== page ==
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TASMANIA does not need or want bikie gangs, the head of the state’s serious and organised crime squad says.
Detective Inspector Glenn Lathey made his comments days after the Mercury reported a former Rebels state president had been effectively deported.
Colin David Picard, 69, was removed from Australia after serving 30 months of a three-year sentence in Risdon Prison for drug trafficking.
Picard is one of 580 people who had visas cancelled in 2014-15 on character grounds by a Federal Government bent on booting out criminals who are not citizens.
By contrast, 76 non-citizens had their visas cancelled on character grounds in 2013-14.
Picard, who lived here for more than 30 years and had family in Australia, led the Rebels for a decade.
In 2013 he was convicted of trafficking 36 ounces of methamphetamine throughout the state.
Following his visa cancellation he appealed the decision in the Federal Court which dismissed the case in December.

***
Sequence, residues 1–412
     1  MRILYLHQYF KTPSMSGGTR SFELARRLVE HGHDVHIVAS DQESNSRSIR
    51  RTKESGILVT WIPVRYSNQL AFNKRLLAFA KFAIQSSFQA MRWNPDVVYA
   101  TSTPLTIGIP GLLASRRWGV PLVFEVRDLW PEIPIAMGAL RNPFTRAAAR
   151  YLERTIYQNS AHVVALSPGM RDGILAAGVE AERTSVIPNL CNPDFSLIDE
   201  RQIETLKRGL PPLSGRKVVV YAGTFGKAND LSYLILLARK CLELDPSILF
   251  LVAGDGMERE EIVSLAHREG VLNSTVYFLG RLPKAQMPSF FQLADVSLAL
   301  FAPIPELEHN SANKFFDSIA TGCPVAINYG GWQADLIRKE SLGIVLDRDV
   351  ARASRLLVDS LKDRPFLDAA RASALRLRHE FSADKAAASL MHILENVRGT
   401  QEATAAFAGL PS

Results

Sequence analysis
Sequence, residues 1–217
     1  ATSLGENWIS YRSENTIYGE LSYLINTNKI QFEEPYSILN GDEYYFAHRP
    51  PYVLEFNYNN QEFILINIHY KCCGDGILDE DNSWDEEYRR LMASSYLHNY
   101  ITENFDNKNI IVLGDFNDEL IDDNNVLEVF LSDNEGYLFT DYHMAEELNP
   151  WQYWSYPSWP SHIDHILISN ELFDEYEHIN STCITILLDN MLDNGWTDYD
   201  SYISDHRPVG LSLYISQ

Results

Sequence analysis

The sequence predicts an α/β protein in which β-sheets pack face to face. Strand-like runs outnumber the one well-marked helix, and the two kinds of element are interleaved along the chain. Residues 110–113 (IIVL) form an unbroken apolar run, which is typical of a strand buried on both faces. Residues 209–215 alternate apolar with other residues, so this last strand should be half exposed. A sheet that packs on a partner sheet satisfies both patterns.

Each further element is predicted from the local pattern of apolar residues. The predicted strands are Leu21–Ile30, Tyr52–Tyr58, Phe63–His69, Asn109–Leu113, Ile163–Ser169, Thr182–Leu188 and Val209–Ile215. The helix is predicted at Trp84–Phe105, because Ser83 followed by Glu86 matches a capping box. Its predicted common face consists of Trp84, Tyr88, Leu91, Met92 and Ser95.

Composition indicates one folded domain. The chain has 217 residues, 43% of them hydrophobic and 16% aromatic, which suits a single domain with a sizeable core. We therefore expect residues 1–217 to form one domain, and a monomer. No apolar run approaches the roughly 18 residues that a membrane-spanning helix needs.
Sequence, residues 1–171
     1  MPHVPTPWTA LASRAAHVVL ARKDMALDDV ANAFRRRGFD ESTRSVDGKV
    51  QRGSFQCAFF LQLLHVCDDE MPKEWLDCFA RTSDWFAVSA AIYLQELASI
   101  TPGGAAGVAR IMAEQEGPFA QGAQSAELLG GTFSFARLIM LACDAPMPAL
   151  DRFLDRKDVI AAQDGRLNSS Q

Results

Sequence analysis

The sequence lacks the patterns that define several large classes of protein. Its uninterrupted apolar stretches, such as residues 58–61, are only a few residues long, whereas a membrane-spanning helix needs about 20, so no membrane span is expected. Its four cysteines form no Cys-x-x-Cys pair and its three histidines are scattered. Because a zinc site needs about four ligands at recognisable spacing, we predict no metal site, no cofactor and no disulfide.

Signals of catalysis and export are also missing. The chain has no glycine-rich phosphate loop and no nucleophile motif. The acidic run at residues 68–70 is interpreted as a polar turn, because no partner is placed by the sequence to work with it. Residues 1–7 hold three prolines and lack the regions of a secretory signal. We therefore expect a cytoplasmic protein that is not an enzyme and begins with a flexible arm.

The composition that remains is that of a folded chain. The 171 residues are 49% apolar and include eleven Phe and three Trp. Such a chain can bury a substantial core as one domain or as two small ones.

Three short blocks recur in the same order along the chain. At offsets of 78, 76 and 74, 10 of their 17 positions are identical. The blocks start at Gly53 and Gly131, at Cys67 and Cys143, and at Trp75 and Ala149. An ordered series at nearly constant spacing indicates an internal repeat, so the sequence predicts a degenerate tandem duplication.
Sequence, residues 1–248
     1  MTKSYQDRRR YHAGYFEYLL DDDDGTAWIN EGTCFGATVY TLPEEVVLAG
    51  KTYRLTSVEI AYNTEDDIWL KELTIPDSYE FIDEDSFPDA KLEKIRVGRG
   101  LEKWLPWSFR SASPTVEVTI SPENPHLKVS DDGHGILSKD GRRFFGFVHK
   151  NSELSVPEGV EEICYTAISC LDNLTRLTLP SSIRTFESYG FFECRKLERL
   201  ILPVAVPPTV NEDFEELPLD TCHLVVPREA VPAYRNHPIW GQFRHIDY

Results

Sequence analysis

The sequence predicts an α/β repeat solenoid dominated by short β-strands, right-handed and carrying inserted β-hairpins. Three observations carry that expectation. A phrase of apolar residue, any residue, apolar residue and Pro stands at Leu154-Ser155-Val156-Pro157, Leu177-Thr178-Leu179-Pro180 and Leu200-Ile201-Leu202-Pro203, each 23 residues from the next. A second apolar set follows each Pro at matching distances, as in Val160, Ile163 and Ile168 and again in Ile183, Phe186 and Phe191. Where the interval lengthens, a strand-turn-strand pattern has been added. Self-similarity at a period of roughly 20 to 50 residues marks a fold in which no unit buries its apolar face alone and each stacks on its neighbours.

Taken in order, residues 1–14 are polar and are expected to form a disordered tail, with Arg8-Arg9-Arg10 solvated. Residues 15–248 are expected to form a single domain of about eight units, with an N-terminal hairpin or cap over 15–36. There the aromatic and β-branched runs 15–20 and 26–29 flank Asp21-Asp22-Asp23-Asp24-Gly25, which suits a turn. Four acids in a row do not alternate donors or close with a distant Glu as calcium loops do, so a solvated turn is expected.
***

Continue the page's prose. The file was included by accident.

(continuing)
On Tuesday he was taken from Risdon to the airport and flown to Auckland.
“We know that outlaw motorcycle gangs, particularly the Rebels in Tasmania, are linked to the importation and distribution of drugs,” Insp Lathey said yesterday.
“Tasmania does not need people who are involved in those kinds of activities. We don’t want these groups here and the community does not want them here.”
Founding Tasmanian Rebels member A.J. Graham is fighting his visa cancellation in the Federal Court.
MORE: AJ GRAHAM PLEADS FOR PRISON TIME IN TASSIE
Last June Graham was a target of a joint crackdown on bikies by Tasmania Police, the Australian Federal Police-led National Anti-Gangs Squad, the Australian Taxation Office and the Department of Immigration and Border Protection.
Police said the operation netted 14 arrests, 19 summons, more than 100 charges and the seizure of 25 firearms.
Graham was not charged with any offences but had his visa cancelled on character grounds and is being held in a NSW supermax prison.